Yes, these are real articles in the New York Times. Yes, these are real things that are happening out there. TL;DR here – people are going crazy for social media and causing major damages, in some cases to irreplaceable items in museums (like an 800 year old coffin for example.)
Now, of course, I’m a major art and history advocate, so reading these articles appalled, disgusted, and ultimately confused me. I’m a social media queen, and I would never accept the thought of climbing inside an artifact, much less actually do it. (I’m even afraid to touch things in the interactive sections sometimes!) Being irresponsible around someone’s work of art or our world’s historical items can be extremely detrimental… because as aforementioned, they’re irreplaceable.
In one of the articles, Christopher Mele mentions a very important struggle for curators and museum executives nowadays – Accessibility vs. Preservation. After talking with several professionals in the museum industry, this is the number one challenge – and there is no easy answer. Creating an interactive environment but also not cheapening or (like we see here) endangering the exhibits as well. This existential battle only keeps growing as social media and the internet become more ingrained in our society. The “perfect” selfie or video can go viral in a matter of minutes, and who doesn’t want their 30 minutes of fame?
So, I’m sitting here fuming, and then it hit me like an 18-wheeler. This is exactly the same problem we have in Information Security today. Innovation vs. Protection.
Think about it: the reason that “Next-Generation Firewalls” took the industry by storm was because they allowed both enhanced visibility and the ability to pick and choose what was allowed/blocked WITHIN an application rather than the app itself. In the days of yore there was no reason for anyone to be on Facebook at work, so blocking the site entirely was effective. Now we have people whose entire job is to keep the company’s Facebook page current and interesting. This was a solution that satisfied both sides of the fight.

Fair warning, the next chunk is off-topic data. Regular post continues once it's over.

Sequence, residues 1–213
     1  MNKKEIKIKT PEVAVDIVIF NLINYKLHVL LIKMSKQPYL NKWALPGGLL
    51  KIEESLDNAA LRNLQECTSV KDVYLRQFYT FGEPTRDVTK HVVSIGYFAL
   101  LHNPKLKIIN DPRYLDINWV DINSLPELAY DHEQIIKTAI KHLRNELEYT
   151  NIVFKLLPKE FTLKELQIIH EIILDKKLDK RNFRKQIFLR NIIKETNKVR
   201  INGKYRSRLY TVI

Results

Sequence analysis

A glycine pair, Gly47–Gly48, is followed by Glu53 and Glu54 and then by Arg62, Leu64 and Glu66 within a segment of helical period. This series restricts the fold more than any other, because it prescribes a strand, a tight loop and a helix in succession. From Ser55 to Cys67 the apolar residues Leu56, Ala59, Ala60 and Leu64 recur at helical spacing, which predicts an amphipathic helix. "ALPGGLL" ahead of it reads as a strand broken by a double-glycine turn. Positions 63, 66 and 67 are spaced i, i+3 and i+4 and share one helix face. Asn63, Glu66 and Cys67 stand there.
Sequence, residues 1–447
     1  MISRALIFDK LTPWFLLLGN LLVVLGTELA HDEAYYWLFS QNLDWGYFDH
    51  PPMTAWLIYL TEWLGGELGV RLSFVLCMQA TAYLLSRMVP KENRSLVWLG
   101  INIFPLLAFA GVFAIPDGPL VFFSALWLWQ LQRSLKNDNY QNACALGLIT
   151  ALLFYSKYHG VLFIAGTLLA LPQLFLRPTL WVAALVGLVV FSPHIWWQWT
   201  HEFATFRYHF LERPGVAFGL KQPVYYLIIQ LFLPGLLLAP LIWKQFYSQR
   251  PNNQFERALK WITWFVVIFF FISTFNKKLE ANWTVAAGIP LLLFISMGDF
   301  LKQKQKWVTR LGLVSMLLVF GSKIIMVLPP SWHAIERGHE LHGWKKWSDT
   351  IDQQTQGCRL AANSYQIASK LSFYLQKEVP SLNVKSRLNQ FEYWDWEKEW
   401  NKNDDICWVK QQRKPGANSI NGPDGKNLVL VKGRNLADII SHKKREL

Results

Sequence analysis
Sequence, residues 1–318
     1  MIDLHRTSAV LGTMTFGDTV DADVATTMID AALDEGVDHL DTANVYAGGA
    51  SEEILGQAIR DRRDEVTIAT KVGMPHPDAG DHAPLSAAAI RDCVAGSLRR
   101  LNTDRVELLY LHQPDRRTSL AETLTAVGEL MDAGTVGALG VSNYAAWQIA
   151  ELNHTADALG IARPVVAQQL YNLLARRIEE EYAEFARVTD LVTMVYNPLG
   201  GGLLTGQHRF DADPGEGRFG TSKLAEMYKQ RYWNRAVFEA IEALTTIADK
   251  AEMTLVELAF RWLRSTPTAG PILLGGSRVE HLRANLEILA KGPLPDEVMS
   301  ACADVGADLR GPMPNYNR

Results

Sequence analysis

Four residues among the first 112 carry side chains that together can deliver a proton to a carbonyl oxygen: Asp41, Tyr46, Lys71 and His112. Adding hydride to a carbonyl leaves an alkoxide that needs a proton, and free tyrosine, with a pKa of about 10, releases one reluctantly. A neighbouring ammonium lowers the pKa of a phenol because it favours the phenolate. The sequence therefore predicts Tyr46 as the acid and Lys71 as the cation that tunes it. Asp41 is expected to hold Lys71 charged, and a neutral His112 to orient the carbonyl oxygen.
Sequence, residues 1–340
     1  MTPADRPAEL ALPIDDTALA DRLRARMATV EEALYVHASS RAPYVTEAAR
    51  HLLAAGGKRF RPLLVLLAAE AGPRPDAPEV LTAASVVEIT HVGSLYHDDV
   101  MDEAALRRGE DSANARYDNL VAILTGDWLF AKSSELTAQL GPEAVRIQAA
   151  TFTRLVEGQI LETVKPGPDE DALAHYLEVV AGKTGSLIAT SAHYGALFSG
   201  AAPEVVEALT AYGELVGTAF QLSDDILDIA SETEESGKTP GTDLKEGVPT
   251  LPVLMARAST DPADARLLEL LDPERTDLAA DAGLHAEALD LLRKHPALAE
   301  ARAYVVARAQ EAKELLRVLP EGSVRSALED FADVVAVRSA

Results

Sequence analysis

However, let’s take another example. You set block parameters based around certain websites due to content and malware risk. On this list is alcohol related content, because the employees should be focusing on work and not what booze they’re going to be picking up on the way home. Makes complete sense… until Joe Schmoe needs to gather data about a large brewing organization. Joe types in the website, gets blocked, and gets annoyed. This is a major company, and he can’t do research on them because of the nature of their business. Having grown up in the internet age, Joe finds a workaround.
Now, all of that money you spent on those fancy WAFs that avoid cross-site scripting and all that other amazing stuff is rendered useless because he’s running around it… which opens his device up to all kinds of lovely bugs! All it takes is one wrong click and you’re getting a ransomware demand.
Now obviously, this is exaggerated, but you get the point. If you aren’t thinking outside of the box, someone else is. But you have to also make sure you’re not opening yourself up too much. Innovation and Protection have to coexist, because otherwise you will be losing out on revenue. It’s a delicate balance, and one that I’m not sure we’ll ever fully master.
Innovation and Protection have to be a collaborative effort – because putting too much weight on either side will tip the proverbial canoe.